The Oakdale Affair

By Edgar Rice Burroughs

Page 82

the lumbering bulk of
a large bear. The light bewildered him and he paused, growling. His left
shoulder was partially exposed.

"Aim for his chest, on the left side," whispered Burton. The two men
raised their rifles. There were two reports in close succession. Beppo
fell forward without a sound and then rolled over on his side. Giova
covered her face with her hands and sobbed.

"He ver' bad, ugly bear," she said brokenly; "but he all I have to

Bridge extended a hand and patted her bowed head. In the eyes of The
Oskaloosa Kid there glistened something perilously similar to tears.

In the woods back of the mill Burton and his men found the mangled
remains of Columbus Blackie, and when they searched the interior of the
structure they brought forth the unconscious Dirty Eddie. As the car
already was taxed to the limit of its carrying capacity Burton left two
of his men to march The Kid and Bridge to the Payson jail, taking the
others with him to Oakdale. He was also partially influenced in this
decision by the fear that mob violence would be done the principals by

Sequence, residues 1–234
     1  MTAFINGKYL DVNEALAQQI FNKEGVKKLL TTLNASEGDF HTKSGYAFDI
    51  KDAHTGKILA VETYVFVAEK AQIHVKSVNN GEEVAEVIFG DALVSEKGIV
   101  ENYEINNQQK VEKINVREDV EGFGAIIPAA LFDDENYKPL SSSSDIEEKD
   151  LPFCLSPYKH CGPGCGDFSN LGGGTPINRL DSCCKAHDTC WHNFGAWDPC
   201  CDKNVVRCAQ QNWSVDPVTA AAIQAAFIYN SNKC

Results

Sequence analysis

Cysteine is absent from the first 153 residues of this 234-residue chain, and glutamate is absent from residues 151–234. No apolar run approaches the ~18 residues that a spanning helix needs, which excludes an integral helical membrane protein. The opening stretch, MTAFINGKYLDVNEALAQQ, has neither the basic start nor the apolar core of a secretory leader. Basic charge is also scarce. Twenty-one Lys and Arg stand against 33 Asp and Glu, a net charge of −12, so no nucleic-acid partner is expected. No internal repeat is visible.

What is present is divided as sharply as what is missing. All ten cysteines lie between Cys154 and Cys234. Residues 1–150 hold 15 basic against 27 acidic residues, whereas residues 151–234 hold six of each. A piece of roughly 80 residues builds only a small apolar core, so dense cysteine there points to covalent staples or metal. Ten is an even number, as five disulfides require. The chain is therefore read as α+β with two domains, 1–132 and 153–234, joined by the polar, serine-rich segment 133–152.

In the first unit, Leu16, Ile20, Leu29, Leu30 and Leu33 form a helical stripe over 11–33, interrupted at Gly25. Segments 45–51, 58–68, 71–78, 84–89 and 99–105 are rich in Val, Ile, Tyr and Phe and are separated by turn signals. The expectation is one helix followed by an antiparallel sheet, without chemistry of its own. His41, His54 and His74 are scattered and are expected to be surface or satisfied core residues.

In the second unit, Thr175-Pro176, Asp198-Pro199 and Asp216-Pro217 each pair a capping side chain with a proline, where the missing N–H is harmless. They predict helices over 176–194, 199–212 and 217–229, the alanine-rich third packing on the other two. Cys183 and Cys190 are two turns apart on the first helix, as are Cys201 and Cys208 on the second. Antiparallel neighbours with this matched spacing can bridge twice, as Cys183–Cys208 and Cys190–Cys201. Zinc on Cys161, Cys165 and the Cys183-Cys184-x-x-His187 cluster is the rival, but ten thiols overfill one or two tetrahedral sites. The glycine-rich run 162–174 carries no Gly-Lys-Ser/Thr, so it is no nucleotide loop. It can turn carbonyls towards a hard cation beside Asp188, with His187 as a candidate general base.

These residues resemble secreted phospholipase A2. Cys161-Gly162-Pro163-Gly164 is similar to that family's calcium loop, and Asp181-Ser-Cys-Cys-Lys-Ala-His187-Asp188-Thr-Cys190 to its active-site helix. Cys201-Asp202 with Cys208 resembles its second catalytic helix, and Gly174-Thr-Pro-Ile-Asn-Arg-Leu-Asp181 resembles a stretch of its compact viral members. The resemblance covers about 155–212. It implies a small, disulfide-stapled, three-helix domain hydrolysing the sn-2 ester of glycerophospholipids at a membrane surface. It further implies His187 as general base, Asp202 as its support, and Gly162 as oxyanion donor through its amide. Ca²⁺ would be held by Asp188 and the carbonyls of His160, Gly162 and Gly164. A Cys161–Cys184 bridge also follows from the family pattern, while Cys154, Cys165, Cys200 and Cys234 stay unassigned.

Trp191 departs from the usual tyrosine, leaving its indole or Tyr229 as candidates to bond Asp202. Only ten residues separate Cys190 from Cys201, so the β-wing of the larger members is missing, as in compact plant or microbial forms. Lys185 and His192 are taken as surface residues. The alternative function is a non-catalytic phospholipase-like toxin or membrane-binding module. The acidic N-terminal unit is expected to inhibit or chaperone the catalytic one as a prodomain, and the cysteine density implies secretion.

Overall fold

Oakdale's outraged citizens. At Payson he stopped long enough at the
town jail to arrange for the reception of the two prisoners, to notify
the coroner of the death of Columbus Blackie and the whereabouts of his
body and to place Dirty Eddie in the hospital. He then telephoned Jonas
Prim that his daughter was safe and would be returned to him in less
than an hour.

By the time Bridge and The Oskaloosa Kid reached Payson the town was
in an uproar. A threatening crowd met them a block from the jail; but
Burton's men were armed with rifles which they succeeded in convincing
the mob they would use if their prisoners were molested. The telephone,
however, had carried the word to Oakdale; so that before Burton arrived
there a dozen automobile loads of indignant citizens were racing south
toward Payson.

Bridge and The Oskaloosa Kid were hustled into the single cell of the
Payson jail. A bench ran along two sides of the room. A single barred
window let out upon the yard behind the structure. The floor was
littered with papers, and a single electric light bulb relieved the
gloom of the unsavory place.

The Oskaloosa Kid sank, trembling, upon one of the hard benches. Bridge
rolled a cigaret. At his feet lay a copy of that day's Oakdale Tribune.
A face looked up from the printed page into his eyes. He stooped and
took up the paper. The entire front page

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